View all my reviews

Wednesday, May 9, 2018


1984 1984 by George Orwell
My rating: 2 of 5 stars

Finally it's done!! It's taken me so long to finish this book (well over a year) partly because I just stalled out over the doublethink and newspeak and the philosophical treatise Winston spends so long reading in middle, trying to understand the why of it all. There's a lot of good nuggets in this book, and it definitely makes you think about society as a whole and your place in it. What makes something real? Even if you know something to be true, is it really true is everyone else says it's not?

In the end, I wanted to enjoy this more than I actually did. If I wasn't so stubborn, I probably never would have finished it. We read this in school, but at this point, I'm not convinced I had even finished it. These days, it almost feels TOO real: I can actually imagine our society and government turning into this, and it's terrifying. Part of me wants people to read this as a cautionary tale, but the other part of me is afraid there are people out there who would read this and think, "these are great ideas, let's do that." No, how about let's not?

Here are some things I underlined while reading:

"This - although the vast majority of Party members understand it only in a shallower sense - is the inner meaning of the Party slogan: War is Peace."

"It was possible, no doubt, to imagine a society in which wealth, in the sense of personal possessions and luxuries, should be evenly distributed, while power remained in the hands of a small privileged caste. But in practice such a society could not long remain stable. For if leisure and security were enjoyed by all alike, the great mass of human beings who are normally stupefied by poverty would become literate and would learn to think for themselves; and when once they had done thins, they would sooner or later realize that the privileged minority had no function, and they would sweep it away. In the long run, a hierarchical society was only possible on a basis of poverty and ignorance."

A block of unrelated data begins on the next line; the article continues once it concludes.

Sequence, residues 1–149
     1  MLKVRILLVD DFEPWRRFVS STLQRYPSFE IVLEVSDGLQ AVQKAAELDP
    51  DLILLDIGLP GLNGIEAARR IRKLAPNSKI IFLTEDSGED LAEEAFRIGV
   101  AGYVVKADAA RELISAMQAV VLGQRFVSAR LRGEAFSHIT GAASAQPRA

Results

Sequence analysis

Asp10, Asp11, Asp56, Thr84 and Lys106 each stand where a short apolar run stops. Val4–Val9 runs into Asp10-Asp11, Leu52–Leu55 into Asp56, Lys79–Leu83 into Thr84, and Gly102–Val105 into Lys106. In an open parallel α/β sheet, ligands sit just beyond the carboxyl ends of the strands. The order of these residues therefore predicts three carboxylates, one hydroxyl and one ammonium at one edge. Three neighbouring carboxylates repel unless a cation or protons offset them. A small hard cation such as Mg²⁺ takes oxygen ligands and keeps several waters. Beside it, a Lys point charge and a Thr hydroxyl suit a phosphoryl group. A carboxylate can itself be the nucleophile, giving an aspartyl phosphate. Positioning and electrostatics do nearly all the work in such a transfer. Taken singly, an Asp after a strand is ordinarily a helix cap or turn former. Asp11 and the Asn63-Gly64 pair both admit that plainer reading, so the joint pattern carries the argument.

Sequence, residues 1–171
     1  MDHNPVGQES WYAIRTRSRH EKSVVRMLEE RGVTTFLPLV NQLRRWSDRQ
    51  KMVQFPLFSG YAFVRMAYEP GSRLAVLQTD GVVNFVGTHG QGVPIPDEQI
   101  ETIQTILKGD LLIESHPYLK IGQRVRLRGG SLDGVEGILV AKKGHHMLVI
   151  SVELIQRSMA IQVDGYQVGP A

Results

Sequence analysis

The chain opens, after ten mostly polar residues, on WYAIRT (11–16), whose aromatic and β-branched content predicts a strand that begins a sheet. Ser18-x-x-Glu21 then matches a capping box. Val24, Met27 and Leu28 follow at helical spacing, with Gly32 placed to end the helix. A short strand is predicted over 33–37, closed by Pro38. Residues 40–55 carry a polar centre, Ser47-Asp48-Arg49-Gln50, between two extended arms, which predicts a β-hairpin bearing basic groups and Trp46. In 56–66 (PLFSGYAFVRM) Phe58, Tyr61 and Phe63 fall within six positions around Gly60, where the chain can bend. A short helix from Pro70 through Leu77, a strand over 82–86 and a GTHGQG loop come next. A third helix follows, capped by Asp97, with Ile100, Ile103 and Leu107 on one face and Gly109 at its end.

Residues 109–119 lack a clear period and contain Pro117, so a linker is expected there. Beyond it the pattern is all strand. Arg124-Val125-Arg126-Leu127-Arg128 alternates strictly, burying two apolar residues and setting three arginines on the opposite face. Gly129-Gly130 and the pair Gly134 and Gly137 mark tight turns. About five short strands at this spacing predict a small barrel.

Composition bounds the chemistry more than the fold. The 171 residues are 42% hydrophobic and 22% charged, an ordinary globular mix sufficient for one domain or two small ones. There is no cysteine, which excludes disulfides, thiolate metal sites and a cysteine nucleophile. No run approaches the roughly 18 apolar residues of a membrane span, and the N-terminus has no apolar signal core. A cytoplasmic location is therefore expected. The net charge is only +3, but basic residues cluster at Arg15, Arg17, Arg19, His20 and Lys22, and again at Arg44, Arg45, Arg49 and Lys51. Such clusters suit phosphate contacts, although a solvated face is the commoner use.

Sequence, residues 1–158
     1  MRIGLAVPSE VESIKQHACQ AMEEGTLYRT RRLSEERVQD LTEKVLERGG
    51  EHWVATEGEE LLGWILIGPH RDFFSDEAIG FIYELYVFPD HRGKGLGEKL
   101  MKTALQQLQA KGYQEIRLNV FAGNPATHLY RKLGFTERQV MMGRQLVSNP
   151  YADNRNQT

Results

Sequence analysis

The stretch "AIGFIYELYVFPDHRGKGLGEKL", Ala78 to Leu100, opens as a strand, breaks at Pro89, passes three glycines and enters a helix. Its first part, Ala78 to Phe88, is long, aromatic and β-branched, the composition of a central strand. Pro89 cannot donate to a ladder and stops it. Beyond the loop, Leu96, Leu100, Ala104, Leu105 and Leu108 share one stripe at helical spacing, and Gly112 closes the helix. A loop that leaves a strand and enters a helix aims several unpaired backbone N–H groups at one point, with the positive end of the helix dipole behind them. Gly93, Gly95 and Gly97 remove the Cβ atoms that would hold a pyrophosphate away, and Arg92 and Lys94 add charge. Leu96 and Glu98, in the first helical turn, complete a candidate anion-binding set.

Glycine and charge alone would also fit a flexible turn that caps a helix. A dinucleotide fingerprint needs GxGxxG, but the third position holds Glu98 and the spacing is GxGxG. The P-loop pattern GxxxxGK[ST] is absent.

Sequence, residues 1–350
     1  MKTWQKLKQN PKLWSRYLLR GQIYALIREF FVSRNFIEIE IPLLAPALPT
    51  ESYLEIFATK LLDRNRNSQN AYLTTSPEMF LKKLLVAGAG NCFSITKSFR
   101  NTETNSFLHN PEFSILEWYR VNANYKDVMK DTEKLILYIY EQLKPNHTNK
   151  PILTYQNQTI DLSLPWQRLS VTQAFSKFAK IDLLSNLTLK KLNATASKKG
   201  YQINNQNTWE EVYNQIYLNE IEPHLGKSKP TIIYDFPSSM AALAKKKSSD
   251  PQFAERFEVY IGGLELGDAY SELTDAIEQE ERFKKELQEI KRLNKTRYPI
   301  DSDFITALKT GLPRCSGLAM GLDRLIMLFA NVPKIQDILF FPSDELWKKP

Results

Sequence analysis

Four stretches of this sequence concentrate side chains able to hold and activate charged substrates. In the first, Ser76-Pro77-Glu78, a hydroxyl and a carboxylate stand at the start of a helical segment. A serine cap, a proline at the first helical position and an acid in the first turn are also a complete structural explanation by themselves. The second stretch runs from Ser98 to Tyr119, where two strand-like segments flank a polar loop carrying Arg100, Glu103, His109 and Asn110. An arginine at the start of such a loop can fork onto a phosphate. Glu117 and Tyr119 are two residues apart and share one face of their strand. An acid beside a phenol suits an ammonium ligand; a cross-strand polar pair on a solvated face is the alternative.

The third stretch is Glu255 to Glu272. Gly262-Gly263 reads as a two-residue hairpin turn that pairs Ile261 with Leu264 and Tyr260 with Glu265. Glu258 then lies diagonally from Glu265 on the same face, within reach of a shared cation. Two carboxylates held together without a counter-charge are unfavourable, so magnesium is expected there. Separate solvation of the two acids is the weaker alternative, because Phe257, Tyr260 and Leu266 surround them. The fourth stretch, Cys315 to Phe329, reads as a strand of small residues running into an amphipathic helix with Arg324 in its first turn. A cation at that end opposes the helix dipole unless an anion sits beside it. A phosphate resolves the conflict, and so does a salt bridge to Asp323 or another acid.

"In his capacity as an administrator, it is often necessary for a member of the Inner Party to know that this or that item of war news in untruthful, and he may often be aware that the entire war is spurious ans is either not happening or is being waged for purposes quite other than the declared ones: but such knowledge is easily neutralized by the technique of doublethink. Meanwhile no Inner Party member wavers for an instant in his mystical belief that the war is real, and that it is bound to end victoriously, with Oceania the undisputed master of the entire world."